EASTLAKE, Ohio — The social media furor continues to surround the arrest of a 20-year-old man last week for assaulting a 17-year-old male who was allegedly molesting a 5-year-old boy. While many people from all across the country have called for charges against 20-year-old Ricky Adams to be dropped, legal experts believe Eastlake police acted appropriately by arresting Adams and the 17-year-old perpetrator, then letting prosecutors sort the cases out.
Since Adams was arrested and later released on a personal bond, hundreds of people have flooded the Eastlake Police Department’s official Facebook page. Dozens more have called into the offices of Mayor Dennis Morley and Chief Larry Reik.
Some of those callers have left profanity-laced voicemails.
Eastlake police arrested Adams last week on suspicion of felonious assault after he allegedly attacked the teenager who Adams claims was molesting the young boy. Adams said he was doing laundry when he walked into a room and reported seeing the teen with the boy’s penis in his mouth.
Adams said he regrets posting a video on Facebook showing the 17-year-old’s bloodied face immediately after the assault. The video has since been removed. The 17-year-old has been preliminarily charged with two counts of rape and two counts of gross sexual imposition. His identity has not been released.
“I kind of just blacked out and snapped and didn’t know how to react in that situation,” Adams told News 5. “I pushed the 17-year-old off of him and then he said, ‘What are you going to do about it?’ That’s kind of where I blacked out the most.”
Adams said by witnessing the assault, it triggered painful memories of being molested as a child.
Despite the public outcry denouncing Adams’ arrest, Michael Benza, a senior law instructor at Case Western Reserve University, said Eastlake police treated the situation as they should have.
“The police are getting a lot of flak here for doing exactly what they are supposed to do. We have evidence that two different crimes have been committed in this case. We are going to arrest both of them. We are going to refer this to the prosecutor and the prosecutor will decide what we are going to do,” Benza said. “In some regards you see this oftentimes in domestic violence situations. The police arrive on the scene with a 911 call about a domestic violence situation. The husband has a black eye. The wife is standing there with a frying pan and she has a black eye. [The husband] has a knife in his hand. You just arrest both. They let it get figured out after they get everybody through the process.”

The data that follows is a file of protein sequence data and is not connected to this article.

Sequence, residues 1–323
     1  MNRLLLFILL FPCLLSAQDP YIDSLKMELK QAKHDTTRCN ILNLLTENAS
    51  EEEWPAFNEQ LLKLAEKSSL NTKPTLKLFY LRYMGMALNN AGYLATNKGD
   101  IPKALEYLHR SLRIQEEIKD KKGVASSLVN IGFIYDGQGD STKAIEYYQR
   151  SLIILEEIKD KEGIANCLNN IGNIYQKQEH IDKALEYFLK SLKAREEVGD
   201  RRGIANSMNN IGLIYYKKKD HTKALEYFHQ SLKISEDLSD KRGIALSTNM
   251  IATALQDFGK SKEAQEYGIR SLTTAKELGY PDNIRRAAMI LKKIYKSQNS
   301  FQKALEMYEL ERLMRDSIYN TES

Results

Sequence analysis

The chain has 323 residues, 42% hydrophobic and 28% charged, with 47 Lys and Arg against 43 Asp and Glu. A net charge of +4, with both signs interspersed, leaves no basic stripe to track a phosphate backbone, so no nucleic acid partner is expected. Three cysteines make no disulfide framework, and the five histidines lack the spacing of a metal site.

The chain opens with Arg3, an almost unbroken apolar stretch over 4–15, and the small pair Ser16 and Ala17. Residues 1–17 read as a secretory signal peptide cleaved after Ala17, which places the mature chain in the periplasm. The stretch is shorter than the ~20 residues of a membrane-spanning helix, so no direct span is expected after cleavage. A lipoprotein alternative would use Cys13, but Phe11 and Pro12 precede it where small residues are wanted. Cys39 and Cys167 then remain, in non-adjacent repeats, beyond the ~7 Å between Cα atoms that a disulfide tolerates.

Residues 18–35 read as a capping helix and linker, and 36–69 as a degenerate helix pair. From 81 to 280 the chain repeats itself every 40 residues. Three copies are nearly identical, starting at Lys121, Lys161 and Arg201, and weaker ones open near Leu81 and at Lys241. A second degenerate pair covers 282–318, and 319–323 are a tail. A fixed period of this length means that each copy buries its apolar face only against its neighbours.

Chief Reik said he was working the day the incident happened and conferred with the shift lieutenant. The chief agreed with the determination to arrest both parties and let prosecutors determine how to best proceed with both cases.
“We’re just one part of the criminal justice system,” Chief Reik said.
Chief Reik said he understands people’s concerns with Adams’ arrest and respects their right to express those concerns, so long as they do so lawfully and respectfully.
Benza said whatever information is uncovered throughout the subsequent investigation will determine how the case proceeds and whether prosecutors will move forward with or drop charges against Adams.
Under Ohio law, someone can use force in order to help another person that they reasonably believe to be in danger. However, that person cannot use more force than what is considered reasonable.
What is considered to be “reasonable force” will be determined by the facts of the case, Benza said.
“One of the questions for the prosecutor is to find out the facts of how much force was being used. What was the nature of the attack that was happening when he came to the defense of the 5-year-old boy, and then was that a proper use of force given the circumstances?” Benza said. “The law would want somebody to step in and rescue that child. The law would want that person and authorize that person to use a degree of force to protect that child. But there may be an issue of too much force.”
Benza, who has more than 20 years of experience as an attorney, said prosecutors might also run into two major hurdles if they opt to proceed with charges against Adams. A potential jury might be sympathetic to Adams for stopping the reported sexual assault. Additionally, the 17-year-old victim of the alleged assault has the constitutional right to avoid self-incrimination.
“The victim of the assault is the defendant in the underlying sexual assault charge. Any attempts to investigate [what happened to the 17-year-old] is going to implicate that person’s Fifth Amendment rights not to talk about the fact that he is a defendant in another charge,” Benza said.
Adams will have his preliminary hearing on April 2.
A GoFundMe page set up to raise money for Adams’ defense has already generated more than $30,000.